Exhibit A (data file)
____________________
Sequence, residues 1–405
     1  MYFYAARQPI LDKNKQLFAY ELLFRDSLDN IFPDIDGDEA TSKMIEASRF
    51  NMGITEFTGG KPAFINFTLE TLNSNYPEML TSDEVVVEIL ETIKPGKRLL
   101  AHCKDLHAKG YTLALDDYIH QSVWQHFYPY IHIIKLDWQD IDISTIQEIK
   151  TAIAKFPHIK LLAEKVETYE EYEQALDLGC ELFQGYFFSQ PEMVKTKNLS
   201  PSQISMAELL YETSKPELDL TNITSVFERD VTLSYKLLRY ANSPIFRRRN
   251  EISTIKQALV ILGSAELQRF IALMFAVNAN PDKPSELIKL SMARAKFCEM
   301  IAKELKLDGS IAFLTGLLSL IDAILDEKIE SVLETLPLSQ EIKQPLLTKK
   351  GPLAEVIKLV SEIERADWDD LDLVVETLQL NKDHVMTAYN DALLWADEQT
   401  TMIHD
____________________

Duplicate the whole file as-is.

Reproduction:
Sequence, residues 1–405
     1  MYFYAARQPI LDKNKQLFAY ELLFRDSLDN IFPDIDGDEA TSKMIEASRF
    51  NMGITEFTGG KPAFINFTLE TLNSNYPEML TSDEVVVEIL ETIKPGKRLL
   101  AHCKDLHAKG YTLALDDYIH QSVWQHFYPY IHIIKLDWQD IDISTIQEIK
   151  TAIAKFPHIK LLAEKVETYE EYEQALDLGC ELFQGYFFSQ PEMVKTKNLS
   201  PSQISMAELL YETSKPELDL TNITSVFERD VTLSYKLLRY ANSPIFRRRN
   251  EISTIKQALV ILGSAELQRF IALMFAVNAN PDKPSELIKL SMARAKFCEM
   301  IAKELKLDGS IAFLTGLLSL IDAILDEKIE SVLETLPLSQ EIKQPLLTKK
   351  GPLAEVIKLV SEIERADWDD LDLVVETLQL NKDHVMTAYN DALLWADEQT
   401  TMIHD